Women and child empowerment are the primary factors that govern the character of a person. Right from childhood, a person has to be taught the right morals and emotions for him/her to grow into a wonderful individual for them to be capable of helping the society.
This is exactly what Youngistaan Foundation aims to achieve. Arun Daniel Yellamaty, the founder of the organisation, believes in bringing today’s youth to the forefront of this struggle to develop the social and emotional capabilities of a person through education and awareness programmes. The average rate of crimes against women in India stood at 53.9 in 2015. An increase from 2,28,650 cases in 2011 to 3,27,394 cases in 2015 was observed.
Today’s crime rate urgently screams for help from the society, especially the youngsters, to help the unfortunate and make the future better. It calls to break traditional barriers which restrict the cultural, emotional, social, and economic development of the country. It yells for the youth to take action for our children and women.
Youngistaan Foundation, with over 300 active volunteers, strives to change these devastated conditions of women and children in the underprivileged areas to give them their right to help in the betterment of the country back; to give them hope. The foundation has four main projects, namely, Women of Courage Program, the Bright Spark Program, The Food and Nutrition Program and Transformers Program. The former two programs focus on the development of women and children.
The Women of Courage program aims to break social stigmas and taboos associated with menstruation that prevail in the Indian society. The volunteers educate women and children about menstrual hygiene and sexual harassment & safety. Awareness sessions on ‘Child Sexual Abuse’ are regularly conducted in girls’ homes, government schools and orphanages to prevent more harassment cases that have occurred because of intentional or unintentional ignorance of the individuals and the society. Interesting videos and exciting activities are used to spread awareness and encourage them to think for themselves and become independent.
We have reached out to 7000 adolescent girls and distributed 10,000 sanitary napkins to girls and women at orphanages, government schools, and slums between 2017-18.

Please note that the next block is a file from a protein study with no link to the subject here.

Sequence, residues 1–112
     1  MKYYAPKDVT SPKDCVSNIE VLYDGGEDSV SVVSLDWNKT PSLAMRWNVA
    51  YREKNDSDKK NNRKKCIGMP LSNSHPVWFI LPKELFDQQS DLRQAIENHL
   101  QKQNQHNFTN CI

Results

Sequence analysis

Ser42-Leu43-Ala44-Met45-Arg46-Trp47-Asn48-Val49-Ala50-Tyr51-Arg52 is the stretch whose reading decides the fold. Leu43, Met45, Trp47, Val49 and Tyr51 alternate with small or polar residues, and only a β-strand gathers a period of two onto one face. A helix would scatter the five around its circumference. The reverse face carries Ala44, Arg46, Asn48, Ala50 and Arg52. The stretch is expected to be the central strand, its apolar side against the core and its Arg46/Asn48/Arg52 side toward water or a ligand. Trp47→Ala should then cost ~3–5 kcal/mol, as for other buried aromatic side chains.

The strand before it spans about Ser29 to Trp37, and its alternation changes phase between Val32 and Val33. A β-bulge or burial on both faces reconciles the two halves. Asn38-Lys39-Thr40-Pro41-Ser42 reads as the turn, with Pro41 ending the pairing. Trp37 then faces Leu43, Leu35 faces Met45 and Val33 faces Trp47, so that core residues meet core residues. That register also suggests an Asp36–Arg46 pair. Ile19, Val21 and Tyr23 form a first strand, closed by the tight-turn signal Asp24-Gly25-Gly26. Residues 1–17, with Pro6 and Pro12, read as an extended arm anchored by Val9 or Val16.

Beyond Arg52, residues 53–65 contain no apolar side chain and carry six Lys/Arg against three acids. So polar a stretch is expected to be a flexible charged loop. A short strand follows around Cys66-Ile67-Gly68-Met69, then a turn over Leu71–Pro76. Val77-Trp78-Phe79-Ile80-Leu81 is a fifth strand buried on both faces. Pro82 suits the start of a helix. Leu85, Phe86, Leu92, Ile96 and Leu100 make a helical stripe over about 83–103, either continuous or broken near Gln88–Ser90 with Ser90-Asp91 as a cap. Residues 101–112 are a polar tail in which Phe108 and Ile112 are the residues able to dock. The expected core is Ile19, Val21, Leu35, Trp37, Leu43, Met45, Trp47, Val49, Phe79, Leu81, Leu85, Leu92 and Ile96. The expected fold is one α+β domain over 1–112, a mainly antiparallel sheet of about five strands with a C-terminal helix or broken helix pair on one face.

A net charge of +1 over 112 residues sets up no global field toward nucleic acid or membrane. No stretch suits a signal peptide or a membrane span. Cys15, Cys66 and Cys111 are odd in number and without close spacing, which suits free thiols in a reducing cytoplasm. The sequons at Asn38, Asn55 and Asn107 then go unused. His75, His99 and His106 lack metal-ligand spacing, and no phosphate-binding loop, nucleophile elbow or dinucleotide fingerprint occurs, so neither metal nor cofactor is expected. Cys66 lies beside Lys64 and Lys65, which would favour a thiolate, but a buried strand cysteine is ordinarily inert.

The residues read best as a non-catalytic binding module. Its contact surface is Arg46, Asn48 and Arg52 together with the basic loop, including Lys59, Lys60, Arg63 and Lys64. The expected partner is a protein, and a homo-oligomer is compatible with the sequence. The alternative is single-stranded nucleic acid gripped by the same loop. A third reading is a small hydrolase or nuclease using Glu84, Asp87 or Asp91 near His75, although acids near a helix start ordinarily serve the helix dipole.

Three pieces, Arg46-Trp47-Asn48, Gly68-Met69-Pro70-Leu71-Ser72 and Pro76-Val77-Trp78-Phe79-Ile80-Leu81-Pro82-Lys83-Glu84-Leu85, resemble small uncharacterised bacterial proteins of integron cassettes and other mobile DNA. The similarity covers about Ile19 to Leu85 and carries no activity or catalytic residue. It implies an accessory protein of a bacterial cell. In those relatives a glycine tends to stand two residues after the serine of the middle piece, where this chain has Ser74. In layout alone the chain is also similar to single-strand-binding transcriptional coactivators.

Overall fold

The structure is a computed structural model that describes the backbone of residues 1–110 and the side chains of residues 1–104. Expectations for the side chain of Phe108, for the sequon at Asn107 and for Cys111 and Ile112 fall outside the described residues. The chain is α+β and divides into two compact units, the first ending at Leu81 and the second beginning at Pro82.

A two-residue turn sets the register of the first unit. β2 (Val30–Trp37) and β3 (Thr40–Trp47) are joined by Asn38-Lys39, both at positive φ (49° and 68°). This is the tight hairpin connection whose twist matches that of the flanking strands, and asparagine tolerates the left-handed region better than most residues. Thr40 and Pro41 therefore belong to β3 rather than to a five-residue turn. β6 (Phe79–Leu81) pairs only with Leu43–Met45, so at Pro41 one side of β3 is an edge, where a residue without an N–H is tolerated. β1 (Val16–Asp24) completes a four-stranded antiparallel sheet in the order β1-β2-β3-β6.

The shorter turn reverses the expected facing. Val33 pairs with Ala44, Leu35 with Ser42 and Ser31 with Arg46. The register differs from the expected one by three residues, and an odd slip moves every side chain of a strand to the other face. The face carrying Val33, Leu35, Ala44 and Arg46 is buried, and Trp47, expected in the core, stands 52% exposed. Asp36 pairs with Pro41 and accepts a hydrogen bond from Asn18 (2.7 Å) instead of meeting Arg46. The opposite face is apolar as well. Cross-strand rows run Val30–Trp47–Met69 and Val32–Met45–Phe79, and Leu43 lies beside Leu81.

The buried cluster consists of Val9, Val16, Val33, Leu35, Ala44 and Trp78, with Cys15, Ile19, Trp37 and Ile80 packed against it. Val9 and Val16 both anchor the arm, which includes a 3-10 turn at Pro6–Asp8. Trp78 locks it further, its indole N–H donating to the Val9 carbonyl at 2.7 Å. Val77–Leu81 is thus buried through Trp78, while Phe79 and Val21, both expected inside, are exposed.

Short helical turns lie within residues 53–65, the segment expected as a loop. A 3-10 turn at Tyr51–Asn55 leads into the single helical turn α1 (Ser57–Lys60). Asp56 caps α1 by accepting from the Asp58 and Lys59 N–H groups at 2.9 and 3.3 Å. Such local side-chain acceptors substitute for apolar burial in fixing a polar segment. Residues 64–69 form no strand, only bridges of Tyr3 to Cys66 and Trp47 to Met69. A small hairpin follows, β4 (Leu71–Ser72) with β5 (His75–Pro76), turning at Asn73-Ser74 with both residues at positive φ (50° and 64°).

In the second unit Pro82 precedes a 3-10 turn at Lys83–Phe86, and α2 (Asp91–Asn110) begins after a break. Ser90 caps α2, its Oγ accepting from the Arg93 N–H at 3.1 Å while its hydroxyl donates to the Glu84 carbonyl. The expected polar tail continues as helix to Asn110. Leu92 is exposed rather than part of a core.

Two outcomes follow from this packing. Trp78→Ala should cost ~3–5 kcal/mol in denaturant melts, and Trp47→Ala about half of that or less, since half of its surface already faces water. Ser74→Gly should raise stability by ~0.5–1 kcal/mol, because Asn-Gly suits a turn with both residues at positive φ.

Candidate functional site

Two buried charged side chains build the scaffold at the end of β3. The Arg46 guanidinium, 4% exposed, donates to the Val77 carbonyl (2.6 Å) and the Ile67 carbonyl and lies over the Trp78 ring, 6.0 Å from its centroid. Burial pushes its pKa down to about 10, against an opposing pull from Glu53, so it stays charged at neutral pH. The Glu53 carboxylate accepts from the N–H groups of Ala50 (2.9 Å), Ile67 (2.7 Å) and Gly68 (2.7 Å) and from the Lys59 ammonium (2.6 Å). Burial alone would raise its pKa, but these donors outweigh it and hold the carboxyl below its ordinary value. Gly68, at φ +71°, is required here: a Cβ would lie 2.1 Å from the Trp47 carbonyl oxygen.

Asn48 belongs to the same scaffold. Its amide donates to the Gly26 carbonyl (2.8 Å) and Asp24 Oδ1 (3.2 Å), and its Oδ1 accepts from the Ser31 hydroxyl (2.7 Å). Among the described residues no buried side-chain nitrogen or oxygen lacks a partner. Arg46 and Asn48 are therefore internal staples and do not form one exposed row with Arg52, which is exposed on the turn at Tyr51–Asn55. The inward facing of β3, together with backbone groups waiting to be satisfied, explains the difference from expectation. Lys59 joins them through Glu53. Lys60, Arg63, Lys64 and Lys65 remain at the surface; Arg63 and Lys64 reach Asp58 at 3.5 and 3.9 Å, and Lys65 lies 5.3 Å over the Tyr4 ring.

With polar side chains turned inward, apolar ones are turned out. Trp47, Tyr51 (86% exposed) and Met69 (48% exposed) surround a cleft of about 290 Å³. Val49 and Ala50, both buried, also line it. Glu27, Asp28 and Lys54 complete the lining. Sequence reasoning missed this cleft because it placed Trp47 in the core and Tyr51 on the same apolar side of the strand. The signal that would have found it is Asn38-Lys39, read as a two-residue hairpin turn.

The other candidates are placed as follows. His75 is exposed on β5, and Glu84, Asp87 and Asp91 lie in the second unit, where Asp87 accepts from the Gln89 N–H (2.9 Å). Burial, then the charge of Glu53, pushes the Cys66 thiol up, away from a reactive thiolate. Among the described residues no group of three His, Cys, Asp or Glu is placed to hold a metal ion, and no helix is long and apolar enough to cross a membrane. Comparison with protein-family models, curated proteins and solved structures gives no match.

“I witnessed a very disturbing incident in a slum at Hyderabad during one of my sessions,” said Shrenika, the coordinator for Women of Courage Program. The uninformed women and children here used to use hen feathers, dry grass, and sand as a substitute for sanitary napkins. After an enlightening session with the people about menstrual hygiene and the importance of using sanitary napkins a woman said, “I will fight with my husband and save 30 rupees to buy sanitary napkins for my daughter.”
The organisation gives away free sanitary napkin packets to everyone at the end of the session. However, it is not just the Women of Courage Program that helps deal with such issues at Youngistaan. Bright Spark Program also creates awareness at the right time in the children and helps promote the idea of respecting woman which is usually ignored in these regions.
According to the 2014 census, India’s EF EPI (English Proficiency Index) score is only an appalling 56.12 despite a population of 1,26,68,83,598.
Through the Bright Spark Education Program, the organisation tries to change this by increasing the Social Intelligence (SI) and Emotional Intelligence (EI) of the children through an academic oriented course structure that teaches English, Sciences and Mathematics. Through this SEL format of teaching with innovative and creative tecniques opted by the trained volunteers, the organisation aims to make the today’s youngsters more empathetic, intelligent and self-sufficient.
At Youngistaan Foundation we sponsor education to more than 100 children from orphanages and slums and mentor close to 300 children at various slums, government schools and orphanages.
12-year-old Parmesh, who lives in a slum, is a curious child, yet repeatedly used to say “I can’t” when given any simple task like reading out a sentence or learning something new. “He studies in a near-by government school and had the literary skills of a U.K.G child when he started,” said Neha, the coordinator of the program. However, after being a regular student at the Bright Spark sessions for a year and a half, Parmesh has strong foundational English reading and speaking skills along with a stronger determination to learn new things.
Through proper education and awareness programmes in these two projects, Youngistaan Foundation aims to make the people of the underprivileged areas privileged, emotionally and morally.
The organisation actively looks for dedicated volunteers and donors to help them take their cause forward and to make the unfortunate fortunate.
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